How Canada's top employers keep their workers happy - Metro US

How Canada’s top employers keep their workers happy

A new poll reveals the top places to work in Canada, but do Coldplay concerts and tree-planting days really boost a company’s bottom line?

Jen Wetherow is the director of Great Place to Work Canada. She says the company’s list measures credibility, respect, fairness, pride and camaraderie.

“When you work with your people in a way that makes your employees happier, you end up with happier clients and stakeholders,” she says.

Anyone can nominate a firm and GPTW then invites the workplaces to participate. A private survey is then sent to employees. The answers to this “trust index” account for two-thirds of a company’s score. The other third comes a GPTW “culture audit” of the company’s HR policies on things like maternity leave and same-sex partner rights.

Bruce MacLellan is president of Environics, which came in first this year. The public relations firm is known for taking staff to Coldplay concerts and the “mandatory” vacations it pays for when staff reach milestone years.

He says getting poster slogans off the walls and into real life takes work. He likens it to building a hockey team over several years.

“Leaders have to lead to set directions, values and priorities, but then everyone on the team has to contribute,” he says.

When MacLellan leaves early for family reasons, he lets his staff know, thereby setting the tone for a healthy work-life balance. Environics had a mini baby boom last year, creating overlapping maternity leaves that were hard to handle. It responded by improving its flex hours and guaranteeing staff a daycare spot.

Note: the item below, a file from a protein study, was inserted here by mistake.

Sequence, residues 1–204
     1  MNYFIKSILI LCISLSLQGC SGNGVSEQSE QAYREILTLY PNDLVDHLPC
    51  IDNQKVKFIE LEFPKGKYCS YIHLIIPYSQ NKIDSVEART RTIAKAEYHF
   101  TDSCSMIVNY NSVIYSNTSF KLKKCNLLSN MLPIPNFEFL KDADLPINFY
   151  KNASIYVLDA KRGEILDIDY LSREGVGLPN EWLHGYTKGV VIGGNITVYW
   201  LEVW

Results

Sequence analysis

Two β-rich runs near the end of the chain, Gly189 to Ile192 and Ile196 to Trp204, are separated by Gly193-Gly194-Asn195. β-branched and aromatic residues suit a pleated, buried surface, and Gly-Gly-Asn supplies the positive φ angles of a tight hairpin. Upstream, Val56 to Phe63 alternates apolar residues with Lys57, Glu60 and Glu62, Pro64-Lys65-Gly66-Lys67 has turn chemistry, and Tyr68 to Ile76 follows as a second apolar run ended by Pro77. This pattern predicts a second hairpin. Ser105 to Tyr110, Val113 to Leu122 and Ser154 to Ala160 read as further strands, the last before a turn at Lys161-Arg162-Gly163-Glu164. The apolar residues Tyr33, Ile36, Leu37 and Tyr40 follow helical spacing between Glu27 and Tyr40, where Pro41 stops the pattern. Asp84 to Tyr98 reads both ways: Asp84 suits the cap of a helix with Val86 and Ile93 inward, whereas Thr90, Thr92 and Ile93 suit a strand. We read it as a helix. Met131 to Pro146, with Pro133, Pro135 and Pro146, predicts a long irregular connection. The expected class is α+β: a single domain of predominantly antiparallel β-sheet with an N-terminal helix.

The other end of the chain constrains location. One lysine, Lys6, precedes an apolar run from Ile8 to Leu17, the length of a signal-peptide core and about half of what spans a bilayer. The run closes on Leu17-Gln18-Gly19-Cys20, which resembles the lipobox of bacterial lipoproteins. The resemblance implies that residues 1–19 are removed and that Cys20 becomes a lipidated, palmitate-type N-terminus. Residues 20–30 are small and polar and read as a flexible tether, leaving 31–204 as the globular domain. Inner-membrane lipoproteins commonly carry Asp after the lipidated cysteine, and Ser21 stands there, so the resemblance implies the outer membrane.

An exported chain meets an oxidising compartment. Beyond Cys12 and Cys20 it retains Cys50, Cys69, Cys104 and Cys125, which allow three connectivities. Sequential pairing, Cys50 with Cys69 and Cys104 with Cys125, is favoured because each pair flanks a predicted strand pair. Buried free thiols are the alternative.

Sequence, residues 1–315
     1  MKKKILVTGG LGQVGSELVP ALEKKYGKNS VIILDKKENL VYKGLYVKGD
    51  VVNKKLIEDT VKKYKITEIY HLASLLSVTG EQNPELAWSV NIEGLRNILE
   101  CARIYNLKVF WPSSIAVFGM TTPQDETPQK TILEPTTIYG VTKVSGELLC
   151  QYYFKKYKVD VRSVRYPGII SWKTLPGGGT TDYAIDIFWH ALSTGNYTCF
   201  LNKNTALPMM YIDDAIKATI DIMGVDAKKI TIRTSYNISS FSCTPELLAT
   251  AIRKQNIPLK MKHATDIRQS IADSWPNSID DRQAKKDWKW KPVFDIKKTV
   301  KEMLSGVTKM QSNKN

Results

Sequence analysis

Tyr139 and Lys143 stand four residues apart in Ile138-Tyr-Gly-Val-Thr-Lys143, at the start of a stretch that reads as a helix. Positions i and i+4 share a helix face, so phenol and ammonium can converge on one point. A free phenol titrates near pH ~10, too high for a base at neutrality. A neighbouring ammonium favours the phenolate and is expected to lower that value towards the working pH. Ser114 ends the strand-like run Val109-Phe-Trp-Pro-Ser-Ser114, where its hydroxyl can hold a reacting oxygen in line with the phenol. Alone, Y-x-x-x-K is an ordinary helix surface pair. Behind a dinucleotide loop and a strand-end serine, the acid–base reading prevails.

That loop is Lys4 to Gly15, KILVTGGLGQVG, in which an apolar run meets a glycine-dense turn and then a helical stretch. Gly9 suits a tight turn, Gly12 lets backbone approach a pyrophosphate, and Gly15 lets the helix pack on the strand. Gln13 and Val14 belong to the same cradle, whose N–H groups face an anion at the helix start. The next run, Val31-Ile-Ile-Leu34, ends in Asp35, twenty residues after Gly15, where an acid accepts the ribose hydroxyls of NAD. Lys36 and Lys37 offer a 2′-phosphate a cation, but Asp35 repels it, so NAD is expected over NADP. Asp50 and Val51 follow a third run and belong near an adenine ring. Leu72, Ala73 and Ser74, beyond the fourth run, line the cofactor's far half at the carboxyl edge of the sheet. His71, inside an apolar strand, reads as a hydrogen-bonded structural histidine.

“If we see people here past six o’clock for more than a couple of nights in a row, we see that as a problem,” MacLellan says.

Peter Jeewan is CEO of the Lannick Group of Companies, a recruiting firm in Ontario that made GPTW’s top 75. He says his company generates money solely out of its human resources, so creating a great place to work is a pragmatic part of attracting and retaining high-caliber staff.

That means regular contact with staff. While Lannick doesn’t go the Coldplay route, it does sponsor the Heart and Stroke Foundation and give employees the option of spending a day a year planting trees on the Toronto islands.

“Our employees, we feel, are very well rewarded financially,” he says. “We try to focus on giving back to the community.”

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